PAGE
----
• The content bar 625 provides individual browsable tiles 730 that represent video 735, data 740, or other communication experiences 745. These tiles may be static or they may be “lit up” with live data depending on the context. The user can visually scan or physically browse the content bar in order to decide on the piece of content he/she wishes to focus on. For example, in the sports application scenario, a static tile may be a team schedule, which does not change during the course of a season. While a more live tile might be an individual game and include the current game score, game time, ball possession, etc.
  • The focused companion panel 630 can replace all other navigation UIs, allowing the user to lock in on the piece of content that he/she is most interested in at the moment. The user can allow the companion panel to create a personalized feed 750 of video 755, data 760, and/or other communication experiences 765 within the context of the panel. The user can also take action on elements to select a video to play, get more information, share with a friend, etc. For example, in the illustrative sports application, a “Live Game Event Feed” companion panel can serve to the user a series of cards 805, as shown in FIG. 8, that enhance the viewing of a live game or serve as a proxy to a live video feed of the game if the user cannot or does not want to pair the panel with the live game video. Illustrative cards 900 in various categories in the context of an illustrative sports application pertaining to football are shown in FIG. 9. It is emphasized that the cards 900 are intended to be illustrative and not exhaustive and that other types of cards can be used to meet the needs of a particular implementation of the present enhanced interactive TV experiences. Cards can be organized to include data, objects, graphics and other information that is related by theme, type, genre, subject, and the like.
  • Returning to FIG. 8, an event feed 810 is a type of focused companion panel that provides the user with an aggregated feed of video and data elements that create a timeline of individual elements. These elements are dynamically curated, as indicated by reference numeral 815, through a variety of means including aggregation of third party data 820, user preferences 825, user-generated content (UGC) 830, content shared by friends/followers 835, content pushed by a live operations organization 840, or using other factors 845.
  • A combination of cloud-based data and client-side logic are used to generate the virtual timeline. The technology is able to deliver a different curation of the timeline based on the use case and user preferences. As shown in FIG. 10, there are typically two dominant use cases for the event feed 810 including live use cases 1005 and catch-up use cases 1010.
  • For live use cases 1005 (such as sporting events, live television events, etc.), the event feed can amplify the user's understanding and/or excitement by connecting the user to supplemental video and data content (such as instant replays or text content that breaks down a particular play). Additionally, the user can be connected to other users that are invested in the same live content. For example, in the illustrative sports application 138, a user can choose to support a particular team in his/her game and the system will bias the video and data cards 805 into that user's feed. This feature can connect users together and/or the curation enhances the user's feelings of belonging and companionship during the live event. The user can passively watch the data and video cards come in, or he/she can actively navigate and action on the individual elements.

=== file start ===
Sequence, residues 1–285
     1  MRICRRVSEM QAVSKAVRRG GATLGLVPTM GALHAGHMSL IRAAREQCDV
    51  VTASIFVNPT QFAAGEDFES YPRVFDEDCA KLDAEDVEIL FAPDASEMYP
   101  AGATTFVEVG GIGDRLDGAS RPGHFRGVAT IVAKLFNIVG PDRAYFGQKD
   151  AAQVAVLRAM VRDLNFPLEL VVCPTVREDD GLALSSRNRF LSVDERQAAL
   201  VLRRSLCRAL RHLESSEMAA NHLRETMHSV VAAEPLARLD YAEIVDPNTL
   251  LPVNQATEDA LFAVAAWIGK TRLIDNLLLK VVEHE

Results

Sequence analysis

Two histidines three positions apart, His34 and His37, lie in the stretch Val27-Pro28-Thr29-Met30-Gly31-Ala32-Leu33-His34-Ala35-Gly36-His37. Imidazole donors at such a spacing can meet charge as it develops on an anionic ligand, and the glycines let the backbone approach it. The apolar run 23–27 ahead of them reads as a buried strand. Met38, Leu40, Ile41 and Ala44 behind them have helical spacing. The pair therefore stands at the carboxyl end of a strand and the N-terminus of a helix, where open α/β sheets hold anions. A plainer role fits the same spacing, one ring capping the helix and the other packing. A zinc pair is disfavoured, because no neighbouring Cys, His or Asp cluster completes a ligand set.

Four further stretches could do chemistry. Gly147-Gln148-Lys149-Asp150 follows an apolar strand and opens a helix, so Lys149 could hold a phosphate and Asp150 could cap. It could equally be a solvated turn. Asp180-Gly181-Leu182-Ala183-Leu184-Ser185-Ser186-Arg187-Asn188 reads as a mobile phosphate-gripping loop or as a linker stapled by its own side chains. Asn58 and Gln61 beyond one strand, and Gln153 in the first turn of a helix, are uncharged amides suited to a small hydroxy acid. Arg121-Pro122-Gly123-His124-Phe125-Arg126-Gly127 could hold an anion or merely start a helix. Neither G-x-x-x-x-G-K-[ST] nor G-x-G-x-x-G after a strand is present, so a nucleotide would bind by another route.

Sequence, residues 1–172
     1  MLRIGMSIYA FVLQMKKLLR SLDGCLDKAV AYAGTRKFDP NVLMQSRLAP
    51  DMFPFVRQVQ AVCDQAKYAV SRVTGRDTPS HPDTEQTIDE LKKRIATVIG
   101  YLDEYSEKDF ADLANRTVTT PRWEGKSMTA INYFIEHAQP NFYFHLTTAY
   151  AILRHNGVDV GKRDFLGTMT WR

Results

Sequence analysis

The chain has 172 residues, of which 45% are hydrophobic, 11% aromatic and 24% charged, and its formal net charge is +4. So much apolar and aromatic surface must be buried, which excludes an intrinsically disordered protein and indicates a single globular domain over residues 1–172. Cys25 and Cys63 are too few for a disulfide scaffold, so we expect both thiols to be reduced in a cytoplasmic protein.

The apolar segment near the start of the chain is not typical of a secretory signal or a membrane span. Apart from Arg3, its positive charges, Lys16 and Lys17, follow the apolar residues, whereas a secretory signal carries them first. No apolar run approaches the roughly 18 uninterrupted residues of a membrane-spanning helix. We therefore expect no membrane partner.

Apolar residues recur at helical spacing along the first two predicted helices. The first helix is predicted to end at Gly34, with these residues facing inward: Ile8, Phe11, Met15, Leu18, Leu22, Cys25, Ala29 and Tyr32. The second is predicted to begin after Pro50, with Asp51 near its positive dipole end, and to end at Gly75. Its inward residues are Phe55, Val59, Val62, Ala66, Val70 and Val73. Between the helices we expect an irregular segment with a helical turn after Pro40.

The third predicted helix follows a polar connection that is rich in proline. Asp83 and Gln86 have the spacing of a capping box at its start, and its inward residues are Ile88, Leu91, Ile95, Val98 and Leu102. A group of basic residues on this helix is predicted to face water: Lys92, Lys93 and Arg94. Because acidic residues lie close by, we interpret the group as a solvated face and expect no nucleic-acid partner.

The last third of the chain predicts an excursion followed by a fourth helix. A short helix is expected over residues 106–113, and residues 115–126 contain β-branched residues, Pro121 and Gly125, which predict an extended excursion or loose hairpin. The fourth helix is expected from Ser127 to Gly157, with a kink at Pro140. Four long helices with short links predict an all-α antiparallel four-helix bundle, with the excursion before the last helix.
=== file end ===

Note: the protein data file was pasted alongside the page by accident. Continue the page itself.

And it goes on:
• For catch-up use cases 1010, the event feed provides the user with a simple way to relive the stories that surfaced during the previous live event. Video and data are curated by the system and a different set of content can be surfaced. For example, in the game application, a deeper set of game highlights is typically surfaced in a catch-up scenario than would be during a live event. However, common data cards that describe aspects of the game in detail (e.g., every play in a football game) are suppressed in favor of bigger moments that tell the story of the game more directly. The user can play videos and action on data in order to get more information on individual elements.
  • As shown in the UI 1100 in FIG. 11, the illustrative sports application 138 and real-time TV service 170 support a feature that exposes user-customizable UI content areas, as indicated by reference numeral 1110, that place the UI into a companion mode. The companion mode is a UI organization that is optimized when a user moves from full attention to partial attention states. The real-time TV service 170 can determine what content to display and its organization, automatically update certain content, and support the movement between content elements in an easy and intuitive way.
  • For example, when the user is fully engaged with the sports application on the multimedia console 114 (FIG. 1) that is showing a live game, the user may decide to play a video game, but still want the ability to glance over and see key information about the live game. The user can invoke the companion mode through the snap-application interface of the platform as indicated by reference numeral 1115. In response, the application reduces the available content to a summary of that particular game. The game summary may contain a visual purposeful hierarchy of important events (e.g., plays) that allows the user to digest game updates at a glance. Further, the user interface changes to a scheme that allows the user to easily shift to another live game, his/her personalized fantasy data or other high value content.